“Investors have increasingly grown concerned about the role that diabetes drugs could play in weight loss treatment, and in turn, reducing sleep apnea and the demand for Resmed’s medical devices,” Marfell says.
RMD stock is down calamitously – close to 30% after posting dull numbers and an unimpressive outlook.
Te margins are depressing and the shadow of Danish giant Novo Nordisk and its game-changing twin weight loss drugs Wegovy and Ozempic have been directly correlated to fears for RMD’s addressable but possibly dwindling sleep apnea market.
That seems a fairly long string. You’d reckon there’s nothing so rotten in the state of Resmed to justify those kind of falls.
RMD has a fine track record and sleep apnea is its own problem, which RMD has been providing solutions for over a long period.
After its horror August, the stock is back where it was before the pandemic – trading at 2020 prices, or about 20x forward price to earnings ratio (damn that’s decent) and yet, the earnings report which triggered the group-sell shows RMD is pulling in almost double what it was the last time the P/E was so sweet.
The other Healthcare Sector contender for worst-on-field, best-on-price last month goes to regenerative medtech Mesoblast (ASX:MSB), where, Marfell says, shareholders “were left licking their wounds” after a disastrous month.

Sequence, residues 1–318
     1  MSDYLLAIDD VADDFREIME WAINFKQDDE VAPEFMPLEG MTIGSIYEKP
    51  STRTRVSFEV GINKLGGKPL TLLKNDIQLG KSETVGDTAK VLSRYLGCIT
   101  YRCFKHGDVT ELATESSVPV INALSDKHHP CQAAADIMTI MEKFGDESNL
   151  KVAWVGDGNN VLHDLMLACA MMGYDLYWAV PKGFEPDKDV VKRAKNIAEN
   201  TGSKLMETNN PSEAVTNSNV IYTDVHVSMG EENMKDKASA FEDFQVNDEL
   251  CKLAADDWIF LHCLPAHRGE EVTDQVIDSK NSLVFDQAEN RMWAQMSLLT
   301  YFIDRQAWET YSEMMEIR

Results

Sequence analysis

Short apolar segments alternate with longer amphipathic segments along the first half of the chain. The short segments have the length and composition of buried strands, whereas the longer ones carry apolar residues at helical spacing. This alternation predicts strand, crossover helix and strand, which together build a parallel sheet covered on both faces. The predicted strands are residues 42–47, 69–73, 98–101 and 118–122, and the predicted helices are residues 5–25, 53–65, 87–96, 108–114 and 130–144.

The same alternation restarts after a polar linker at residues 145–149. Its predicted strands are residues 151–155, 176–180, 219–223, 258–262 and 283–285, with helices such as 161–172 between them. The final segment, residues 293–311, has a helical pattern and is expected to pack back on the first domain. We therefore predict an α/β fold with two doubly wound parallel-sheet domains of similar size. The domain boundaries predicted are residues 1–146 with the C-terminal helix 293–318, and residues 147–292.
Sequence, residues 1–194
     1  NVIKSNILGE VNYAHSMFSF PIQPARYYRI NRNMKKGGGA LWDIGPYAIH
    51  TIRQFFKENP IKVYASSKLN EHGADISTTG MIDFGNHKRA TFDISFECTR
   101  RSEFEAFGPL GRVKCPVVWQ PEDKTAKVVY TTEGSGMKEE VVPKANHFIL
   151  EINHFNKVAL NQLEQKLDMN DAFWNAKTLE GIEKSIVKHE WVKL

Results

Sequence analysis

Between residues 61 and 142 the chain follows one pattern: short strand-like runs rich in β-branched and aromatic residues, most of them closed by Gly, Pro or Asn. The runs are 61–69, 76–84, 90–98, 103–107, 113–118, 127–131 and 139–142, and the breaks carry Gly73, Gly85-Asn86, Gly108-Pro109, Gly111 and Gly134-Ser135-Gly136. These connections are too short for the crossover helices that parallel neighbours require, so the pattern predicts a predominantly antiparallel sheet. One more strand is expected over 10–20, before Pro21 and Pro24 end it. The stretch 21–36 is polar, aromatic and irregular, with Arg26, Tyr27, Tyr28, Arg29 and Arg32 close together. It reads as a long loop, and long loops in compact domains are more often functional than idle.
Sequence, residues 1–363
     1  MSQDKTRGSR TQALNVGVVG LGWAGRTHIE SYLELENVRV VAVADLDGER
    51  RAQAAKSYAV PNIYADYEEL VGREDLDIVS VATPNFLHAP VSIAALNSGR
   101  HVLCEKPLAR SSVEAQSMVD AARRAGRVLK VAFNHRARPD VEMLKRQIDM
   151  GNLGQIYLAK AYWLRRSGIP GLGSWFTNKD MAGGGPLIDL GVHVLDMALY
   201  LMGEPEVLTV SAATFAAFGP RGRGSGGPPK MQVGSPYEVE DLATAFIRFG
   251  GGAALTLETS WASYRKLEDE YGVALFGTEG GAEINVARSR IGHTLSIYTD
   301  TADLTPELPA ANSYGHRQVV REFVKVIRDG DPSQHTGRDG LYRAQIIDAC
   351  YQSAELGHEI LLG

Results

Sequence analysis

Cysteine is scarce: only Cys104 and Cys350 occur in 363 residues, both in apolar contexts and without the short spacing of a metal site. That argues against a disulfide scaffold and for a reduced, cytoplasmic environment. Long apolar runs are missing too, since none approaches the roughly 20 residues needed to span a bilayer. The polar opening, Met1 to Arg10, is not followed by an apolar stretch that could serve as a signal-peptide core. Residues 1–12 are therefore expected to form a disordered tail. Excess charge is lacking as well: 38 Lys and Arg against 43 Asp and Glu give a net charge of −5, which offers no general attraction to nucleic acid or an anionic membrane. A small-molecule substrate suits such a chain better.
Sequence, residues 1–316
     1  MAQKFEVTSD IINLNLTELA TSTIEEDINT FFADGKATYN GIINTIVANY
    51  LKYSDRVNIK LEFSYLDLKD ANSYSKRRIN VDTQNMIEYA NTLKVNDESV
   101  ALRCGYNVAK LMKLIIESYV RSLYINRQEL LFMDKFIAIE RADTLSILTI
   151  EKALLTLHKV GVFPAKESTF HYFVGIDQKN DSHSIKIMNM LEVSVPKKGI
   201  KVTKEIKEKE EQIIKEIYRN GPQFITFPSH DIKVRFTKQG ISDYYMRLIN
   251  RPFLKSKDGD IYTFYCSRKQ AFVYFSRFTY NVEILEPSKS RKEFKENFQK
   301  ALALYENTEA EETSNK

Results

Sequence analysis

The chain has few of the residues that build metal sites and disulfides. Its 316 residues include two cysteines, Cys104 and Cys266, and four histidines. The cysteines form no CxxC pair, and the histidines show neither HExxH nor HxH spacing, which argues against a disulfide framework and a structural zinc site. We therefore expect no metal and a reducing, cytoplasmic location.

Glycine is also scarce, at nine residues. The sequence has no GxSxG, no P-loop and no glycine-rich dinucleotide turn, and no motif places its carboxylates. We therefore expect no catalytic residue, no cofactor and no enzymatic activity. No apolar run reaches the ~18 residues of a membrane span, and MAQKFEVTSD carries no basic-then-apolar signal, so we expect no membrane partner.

“Shares in MSB plummeted 55.7% last month in light of the US Food and Drug Administration’s decision to reject Mesoblast’s Remstemcel-L cell therapy, designed to treat a type of complication that may occur following a stem cell or bone marrow transplant.”
In its complete response, the FDA said it requires more data to support marketing approval and to obtain this data, Mesoblast has to conduct “a targeted, controlled study in adult patients”, specifically those in the highest-risk category with the greatest mortality.
While it’s a big setback for Mesoblast, the company said the adult study is in line with its overall commercial strategy in the first place since adults comprise 80% of the SR-aGVHD market.
“We remain steadfast in making remestemcel-L available to both children and adults suffering from this devastating disease, and have received substantial clarity in how to bring this much-needed product to these patients,” Mesoblast CEO Silviu Itescu said.
For the most part, buyers bought Silviu’s take above the FDA and consequently bought the dip; almost 70% of all Selfwealth’s recorded MSB trades last month were for buy orders.
On a similar theme, the supermarket giant Coles Group (ASX:COL) was the 11th most traded stock in August after its share price touched a 52-week low.